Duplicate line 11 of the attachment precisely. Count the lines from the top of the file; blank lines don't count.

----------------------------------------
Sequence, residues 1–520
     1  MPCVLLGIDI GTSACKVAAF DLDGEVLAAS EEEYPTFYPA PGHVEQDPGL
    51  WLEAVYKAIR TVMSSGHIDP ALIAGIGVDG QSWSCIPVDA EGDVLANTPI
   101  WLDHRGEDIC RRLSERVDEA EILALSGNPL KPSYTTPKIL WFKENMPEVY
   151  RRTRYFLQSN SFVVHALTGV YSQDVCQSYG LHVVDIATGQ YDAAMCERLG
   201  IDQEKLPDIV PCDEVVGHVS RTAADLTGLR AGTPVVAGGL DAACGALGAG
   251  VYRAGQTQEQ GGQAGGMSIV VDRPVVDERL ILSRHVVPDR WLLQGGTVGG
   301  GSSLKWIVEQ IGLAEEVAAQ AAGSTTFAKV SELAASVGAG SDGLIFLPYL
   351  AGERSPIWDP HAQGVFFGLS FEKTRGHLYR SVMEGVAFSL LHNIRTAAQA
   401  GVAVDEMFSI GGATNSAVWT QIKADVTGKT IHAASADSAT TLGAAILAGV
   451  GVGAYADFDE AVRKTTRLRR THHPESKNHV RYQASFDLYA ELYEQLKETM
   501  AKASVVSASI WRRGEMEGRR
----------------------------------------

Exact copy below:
   451  GVGAYADFDE AVRKTTRLRR THHPESKNHV RYQASFDLYA ELYEQLKETM